Hunting Knives: What You Need To Know

Throughout history people have hunted for both survival and pleasure, and while the tools we employ may have changed and advanced, one item has stood the test of time – the hunting knife. Every hunter knows that a quality knife will not only make the hunting process easier and more enjoyable, but can also help the hunter immensely in a survival situation. The questions are, then; what are the characteristics of a good hunting knife, what types of knives are on the market, and which types work best for specific types of hunting?

There are two main types of hunting knives – fixed blade and folding knives. Fixed blade knives are generally the more rugged and reliable of the two, such as the Coast Bowie Knife, a  stainless steel Bowie blade, hardwood handle, and leather sheath. Another great fixed blade is the Puma Rolled Stag White Hunter, a 10.25 inch stainless steel blade with a genuine rolled stag horn handle. They are also very easy to clean, a plus for any hunter with limited resources. However, fixed blade knives are generally bulkier, heavier, and potentially dangerous if not packed and handled properly. If you are planning on doing a lot of hiking or climbing during your hunting trip you might want to steer clear of a fixed blade, or invest in a high-quality sheath.

Folding blade knives are strong and durable enough for most hunting purposes. There are two main types of folding knives – lock-backs and pocketknives. Most lock-back folding blades have the strength and reliability of fixed blade knives and are safer to pack and carry, such as the Coast Folding Knife, an 8.75 inch, titanium coated lock-back. Many lock-back blades offer one hand operation, a useful feature for any hands-on hunter. Lock-back blades are also much safer than regular pocketknives, as there is no risk of the blade flipping back and cutting your palm or fingers.

Pocketknives, however, are usually more versatile than lock-back or fixed-blade knives. They are more compact and easy to carry, such as the Coast Grandpa Brands Burnt Bone Lockback Pocket Knife. This  stainless steel clip-point blade works just as well as its larger counterparts for common hunting needs, such as skinning and gutting game. Another great model is the Puma Micro Stag, a mere 4.25 inch knife with a stainless steel drop point blade.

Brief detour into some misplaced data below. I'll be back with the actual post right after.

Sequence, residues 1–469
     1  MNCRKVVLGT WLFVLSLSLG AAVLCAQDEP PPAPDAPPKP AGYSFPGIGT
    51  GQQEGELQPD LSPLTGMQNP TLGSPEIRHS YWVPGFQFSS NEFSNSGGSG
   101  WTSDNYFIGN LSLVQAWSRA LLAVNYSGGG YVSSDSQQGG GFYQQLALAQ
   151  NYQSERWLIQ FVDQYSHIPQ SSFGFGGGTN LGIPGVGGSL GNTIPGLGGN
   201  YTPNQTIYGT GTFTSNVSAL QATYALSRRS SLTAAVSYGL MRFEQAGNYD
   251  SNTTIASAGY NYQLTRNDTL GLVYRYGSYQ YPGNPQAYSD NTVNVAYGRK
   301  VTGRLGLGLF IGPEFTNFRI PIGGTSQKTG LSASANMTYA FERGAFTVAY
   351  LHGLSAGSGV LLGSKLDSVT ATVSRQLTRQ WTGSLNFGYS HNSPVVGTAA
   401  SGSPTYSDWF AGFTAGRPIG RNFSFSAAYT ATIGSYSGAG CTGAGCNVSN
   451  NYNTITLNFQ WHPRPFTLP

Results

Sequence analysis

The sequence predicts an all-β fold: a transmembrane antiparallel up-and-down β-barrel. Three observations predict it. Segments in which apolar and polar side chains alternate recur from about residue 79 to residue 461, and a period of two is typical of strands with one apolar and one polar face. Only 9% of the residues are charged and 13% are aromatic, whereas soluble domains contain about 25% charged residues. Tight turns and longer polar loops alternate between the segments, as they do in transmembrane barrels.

When deciding what type of hunting knife to use, remember; practicality is most important. It may be tempting to invest hundreds of dollars in a ten-inch fixed blade monster, but the knife may prove too large and cumbersome to use in common hunting scenarios. Most hunters don’t need anything larger than a four- to five-inch blade; sometimes even a three-inch blade will suffice.

Of course, it doesn’t matter what type of knife you choose if you don’t take proper care of it. It is extremely important to clean your blade after each use. This can be as simple a process as wiping it down with a rag for fixed-blades, or, if using an intricate folding blade, employing special cleaning tools to remove blood, dirt, and debris from the knife.

It is important to make sure your blade is sharp before you need to use it. Some fixed-blades have blade sharpeners in their sheaths, though you will most likely have to sharpen the blade at home or at your campsite. Blade sharpeners can be relatively compact and inexpensive. Durable, harness-leather sheaths with snap closing usually run anywhere from five to ten dollars and heavy-duty Nylon sheaths cost about the same. Knife sharpeners have a wider price range, with the most basic diamond sharpeners running for around ten dollars. If you will be taking the sharpener along with you on your trip – a smart idea for any hunter – you will probably want to avoid getting a large, expensive sharpener.

Trends and technologies in hunting will change with the times; there’s no doubt about that. But the essence of the high-quality, reliable hunting knife will never change. Investing in a well-made fixed or folding blade knife will improve the quality of your hunting trip and make the experience much more enjoyable.

~Ben Anton, 2008

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One Response to “Hunting Knives: What You Need To Know”

  1. Mike Lurk says:

    From past experience and ownership of several Fixed Blade Buck Knives they are the best knife for the money. They feel good in your hand and have superior blade retension, and seem to last forever. Here is a blog I wrote http://huntingoutdoors.org/2010/07/24/hunting-knives-fixed-blade-buck-knife on fixed blade Buck knives and some good information you need to know before making your buying decision.

    Again thanks for the informative post. I really like how you pointed out all of the great features of the fixed blade Buck knife.

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